Skip Navigation

How the Federal Government Can Incentivize States To Reverse Mass Incarceration

The Reverse Mass Incarceration Act would supply states that reduce incarceration with federal grants.

Mass Incarceration
Al Seib/Getty

This piece origin­ally appeared in the National Urban LeagueState of Black Amer­ica series.

Amer­icas crim­inal legal system is rooted in the nations history of legal­ized slavery and racial oppres­sion. Our current system of punish­ment is still foun­ded on a basic concep­tion of outsider-hood that contin­ues to create and perpetu­ate racial, ethnic, and class inequal­ity. Crim­inal legal reform efforts must engage directly with this sordid lineage to unmoor the inequit­able impacts and outcomes of our current system of “justice.”

As Cornell William Brooks, former pres­id­ent and CEO of the National Asso­ci­ation for the Advance­ment of Colored People, wrote: “Communit­ies of color are over policed, over-prosec­uted, over-incar­cer­ated and yet under­em­ployed.” The racial dispar­it­ies through­out our crim­inal legal system are consid­er­able. For example, one in three Black men are incar­cer­ated in their life­times compared to one in 17 white men. When it comes to poli­cing, these dispar­it­ies are even greater, as evid­ent in the number of Black men and women who are killed without justi­fic­a­tion by law enforce­ment officers. A mapping of police viol­ence illus­trates that Black Amer­ic­ans are three times more likely to be killed by police officers than white Amer­ic­ans, while nearly twice as likely to be killed as a Latinx person. Black Amer­ic­ans are also about 30% more likely to be unarmed in fatal inter­ac­tions with police than white Amer­ic­ans.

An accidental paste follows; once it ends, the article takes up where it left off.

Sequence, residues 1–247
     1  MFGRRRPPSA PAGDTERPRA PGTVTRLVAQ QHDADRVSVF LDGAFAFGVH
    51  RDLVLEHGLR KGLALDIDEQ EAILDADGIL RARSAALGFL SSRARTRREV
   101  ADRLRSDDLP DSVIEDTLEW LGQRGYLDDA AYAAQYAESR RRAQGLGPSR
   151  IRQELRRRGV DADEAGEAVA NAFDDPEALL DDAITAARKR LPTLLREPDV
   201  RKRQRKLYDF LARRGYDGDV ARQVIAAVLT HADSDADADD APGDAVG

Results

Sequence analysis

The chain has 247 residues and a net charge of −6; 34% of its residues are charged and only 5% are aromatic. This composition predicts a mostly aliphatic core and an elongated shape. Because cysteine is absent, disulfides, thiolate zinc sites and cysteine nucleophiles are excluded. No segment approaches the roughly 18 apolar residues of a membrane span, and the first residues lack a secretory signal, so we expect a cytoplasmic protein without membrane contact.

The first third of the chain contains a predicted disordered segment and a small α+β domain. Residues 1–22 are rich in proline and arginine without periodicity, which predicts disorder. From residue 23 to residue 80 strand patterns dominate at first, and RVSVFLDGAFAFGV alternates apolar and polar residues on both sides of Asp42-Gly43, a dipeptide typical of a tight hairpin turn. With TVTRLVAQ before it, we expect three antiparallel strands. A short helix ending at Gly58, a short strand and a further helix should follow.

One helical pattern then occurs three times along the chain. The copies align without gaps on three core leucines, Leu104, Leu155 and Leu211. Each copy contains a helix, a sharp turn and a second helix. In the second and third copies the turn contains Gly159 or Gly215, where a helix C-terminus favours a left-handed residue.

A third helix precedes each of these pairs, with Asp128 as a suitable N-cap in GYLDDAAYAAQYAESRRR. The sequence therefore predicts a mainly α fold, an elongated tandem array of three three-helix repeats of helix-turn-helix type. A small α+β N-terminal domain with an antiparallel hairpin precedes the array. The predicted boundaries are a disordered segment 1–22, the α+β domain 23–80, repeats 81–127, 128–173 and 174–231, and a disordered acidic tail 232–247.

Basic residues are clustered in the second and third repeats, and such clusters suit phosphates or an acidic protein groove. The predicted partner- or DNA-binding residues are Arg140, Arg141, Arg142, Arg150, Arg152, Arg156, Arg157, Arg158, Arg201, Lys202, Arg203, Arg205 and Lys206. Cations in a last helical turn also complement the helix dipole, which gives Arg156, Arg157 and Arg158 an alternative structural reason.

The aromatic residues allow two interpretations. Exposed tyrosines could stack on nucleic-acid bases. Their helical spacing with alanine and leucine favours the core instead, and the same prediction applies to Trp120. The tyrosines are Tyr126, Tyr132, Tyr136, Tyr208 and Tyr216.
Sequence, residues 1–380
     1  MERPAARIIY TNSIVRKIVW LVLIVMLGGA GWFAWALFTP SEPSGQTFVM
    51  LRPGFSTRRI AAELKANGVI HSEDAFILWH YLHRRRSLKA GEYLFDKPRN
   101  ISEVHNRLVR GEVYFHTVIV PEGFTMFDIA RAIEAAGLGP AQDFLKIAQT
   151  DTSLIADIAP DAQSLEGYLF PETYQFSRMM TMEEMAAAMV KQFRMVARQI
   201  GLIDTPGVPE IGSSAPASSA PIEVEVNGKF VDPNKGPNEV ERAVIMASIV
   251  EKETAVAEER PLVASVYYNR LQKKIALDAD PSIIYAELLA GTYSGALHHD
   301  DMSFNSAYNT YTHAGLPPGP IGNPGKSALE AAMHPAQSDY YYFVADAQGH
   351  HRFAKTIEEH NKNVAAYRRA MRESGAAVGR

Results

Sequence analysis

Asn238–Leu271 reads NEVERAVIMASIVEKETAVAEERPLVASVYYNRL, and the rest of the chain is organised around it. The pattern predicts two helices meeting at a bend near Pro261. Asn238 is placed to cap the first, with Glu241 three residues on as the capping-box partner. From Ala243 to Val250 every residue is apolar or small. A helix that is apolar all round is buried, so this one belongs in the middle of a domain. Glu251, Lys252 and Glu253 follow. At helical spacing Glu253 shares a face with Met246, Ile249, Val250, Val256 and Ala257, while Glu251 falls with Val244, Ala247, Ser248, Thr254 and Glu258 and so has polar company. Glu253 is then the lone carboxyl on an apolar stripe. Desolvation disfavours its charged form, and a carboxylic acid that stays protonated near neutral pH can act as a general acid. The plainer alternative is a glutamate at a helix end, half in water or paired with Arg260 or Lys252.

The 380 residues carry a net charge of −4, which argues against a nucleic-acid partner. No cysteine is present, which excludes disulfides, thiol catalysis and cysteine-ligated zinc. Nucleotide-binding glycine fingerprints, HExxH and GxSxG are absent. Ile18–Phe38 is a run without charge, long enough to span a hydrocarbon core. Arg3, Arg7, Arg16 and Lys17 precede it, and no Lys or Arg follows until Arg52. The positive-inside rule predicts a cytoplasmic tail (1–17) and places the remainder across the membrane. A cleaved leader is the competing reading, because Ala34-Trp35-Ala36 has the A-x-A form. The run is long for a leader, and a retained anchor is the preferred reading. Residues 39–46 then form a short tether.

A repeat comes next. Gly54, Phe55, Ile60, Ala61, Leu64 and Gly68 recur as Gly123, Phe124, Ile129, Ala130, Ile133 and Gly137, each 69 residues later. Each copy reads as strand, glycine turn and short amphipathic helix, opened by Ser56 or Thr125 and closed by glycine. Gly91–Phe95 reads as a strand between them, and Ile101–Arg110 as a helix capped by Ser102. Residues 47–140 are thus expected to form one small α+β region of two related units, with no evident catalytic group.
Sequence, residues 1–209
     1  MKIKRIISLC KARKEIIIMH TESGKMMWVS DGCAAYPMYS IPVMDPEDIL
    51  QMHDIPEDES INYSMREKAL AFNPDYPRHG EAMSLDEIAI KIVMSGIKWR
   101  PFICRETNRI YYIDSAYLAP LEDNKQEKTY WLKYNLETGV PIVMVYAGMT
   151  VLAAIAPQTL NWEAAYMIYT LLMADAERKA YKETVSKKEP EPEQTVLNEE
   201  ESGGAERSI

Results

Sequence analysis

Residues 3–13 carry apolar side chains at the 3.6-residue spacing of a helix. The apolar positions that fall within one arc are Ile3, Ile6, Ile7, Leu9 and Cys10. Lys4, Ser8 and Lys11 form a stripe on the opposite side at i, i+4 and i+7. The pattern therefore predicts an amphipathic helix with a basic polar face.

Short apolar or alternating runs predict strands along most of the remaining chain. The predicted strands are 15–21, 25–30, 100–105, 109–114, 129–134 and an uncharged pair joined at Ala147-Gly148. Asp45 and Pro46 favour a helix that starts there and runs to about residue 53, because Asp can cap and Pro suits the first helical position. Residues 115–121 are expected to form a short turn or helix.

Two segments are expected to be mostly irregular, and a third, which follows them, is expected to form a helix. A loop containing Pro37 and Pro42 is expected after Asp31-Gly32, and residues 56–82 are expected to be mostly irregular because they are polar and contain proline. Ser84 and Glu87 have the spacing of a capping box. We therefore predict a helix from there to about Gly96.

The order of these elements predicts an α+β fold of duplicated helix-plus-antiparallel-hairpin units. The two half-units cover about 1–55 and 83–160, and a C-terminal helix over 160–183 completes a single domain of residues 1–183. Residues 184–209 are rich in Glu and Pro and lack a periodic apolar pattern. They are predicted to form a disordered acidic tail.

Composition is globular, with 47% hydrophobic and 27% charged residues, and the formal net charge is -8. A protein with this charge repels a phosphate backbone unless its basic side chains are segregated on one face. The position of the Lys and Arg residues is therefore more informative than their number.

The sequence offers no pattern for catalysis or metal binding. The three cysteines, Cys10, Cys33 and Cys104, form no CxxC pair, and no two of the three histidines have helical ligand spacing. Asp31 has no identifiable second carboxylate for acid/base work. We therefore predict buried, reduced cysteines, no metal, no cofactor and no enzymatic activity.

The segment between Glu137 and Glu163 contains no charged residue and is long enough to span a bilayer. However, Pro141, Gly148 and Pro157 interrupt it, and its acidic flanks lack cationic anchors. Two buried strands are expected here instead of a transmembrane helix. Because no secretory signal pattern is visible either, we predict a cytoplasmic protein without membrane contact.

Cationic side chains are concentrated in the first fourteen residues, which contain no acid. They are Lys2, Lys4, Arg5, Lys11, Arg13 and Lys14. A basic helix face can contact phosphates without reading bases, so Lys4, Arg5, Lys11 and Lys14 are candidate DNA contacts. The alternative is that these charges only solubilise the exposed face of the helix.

Can the federal govern­ment do anything to trans­form the Amer­ican crim­inal legal land­scape and reduce racial dispar­it­ies? This is a genu­ine ques­tion. So many of these chal­lenges exist at the local and state level. For instance, local jails and state pris­ons account for 91% of the nations incar­cer­ated popu­la­tion. To put it just a bit differ­ently: There are about 2.2 million people behind bars in this coun­try, but only about 175,000 of them are in federal prison. Addi­tion­ally, there are more than 10 million admis­sions in and out of the nation’s colossal network of local jails each year; more than 4.5 million people on proba­tion or parole; and more than 70 million people have convic­tion histor­ies that subject them to lifelong consequences to their lives and live­li­hoods. And when it comes to poli­cing, there are 18,000 local police depart­ments dotting the United States.

Yet still, the federal govern­ment is uniquely situ­ated to incentiv­ize systemic reforms for state and local-level crim­inal legal systems.

Consider the many forms that federal involve­ment in local crim­inal justice affairs can take. Federal agen­cies can and do enforce federal law against local­it­ies. For example, the Justice Depart­ment’s Civil Rights Divi­sion and U.S. Attor­neys’ offices have the stat­utory author­ity to bring civil rights actions against correc­tions agen­cies and local police depart­ments in addi­tion to crim­inal prosec­u­tions against indi­vidual officers to enforce federal rights law when police viol­ate those rights. And through the federal govern­ments grant­mak­ing powers, it can shape state and local crim­inal justice policy.

Federal fund­ing schemes have long encour­aged states to focus their resources on law enforce­ment inter­ven­tions to deal with social prob­lems, often result­ing in our govern­ment lock­ing up ever more people for ever longer peri­ods of time. This has resul­ted, in part, in today’s bloated carceral state. In fact, since the 1960s, the federal govern­ment has played a cent­ral role in shap­ing the nations crim­inal justice land­scape through outlays of grant money to states. For decades, federal grants encour­aged states to increase arrests, prosec­u­tions, and impris­on­ment. Federal funds have suppor­ted the expan­sion of local jails, includ­ing paying jails to house federal incar­cer­ated indi­vidu­als as well as ICE detain­ees.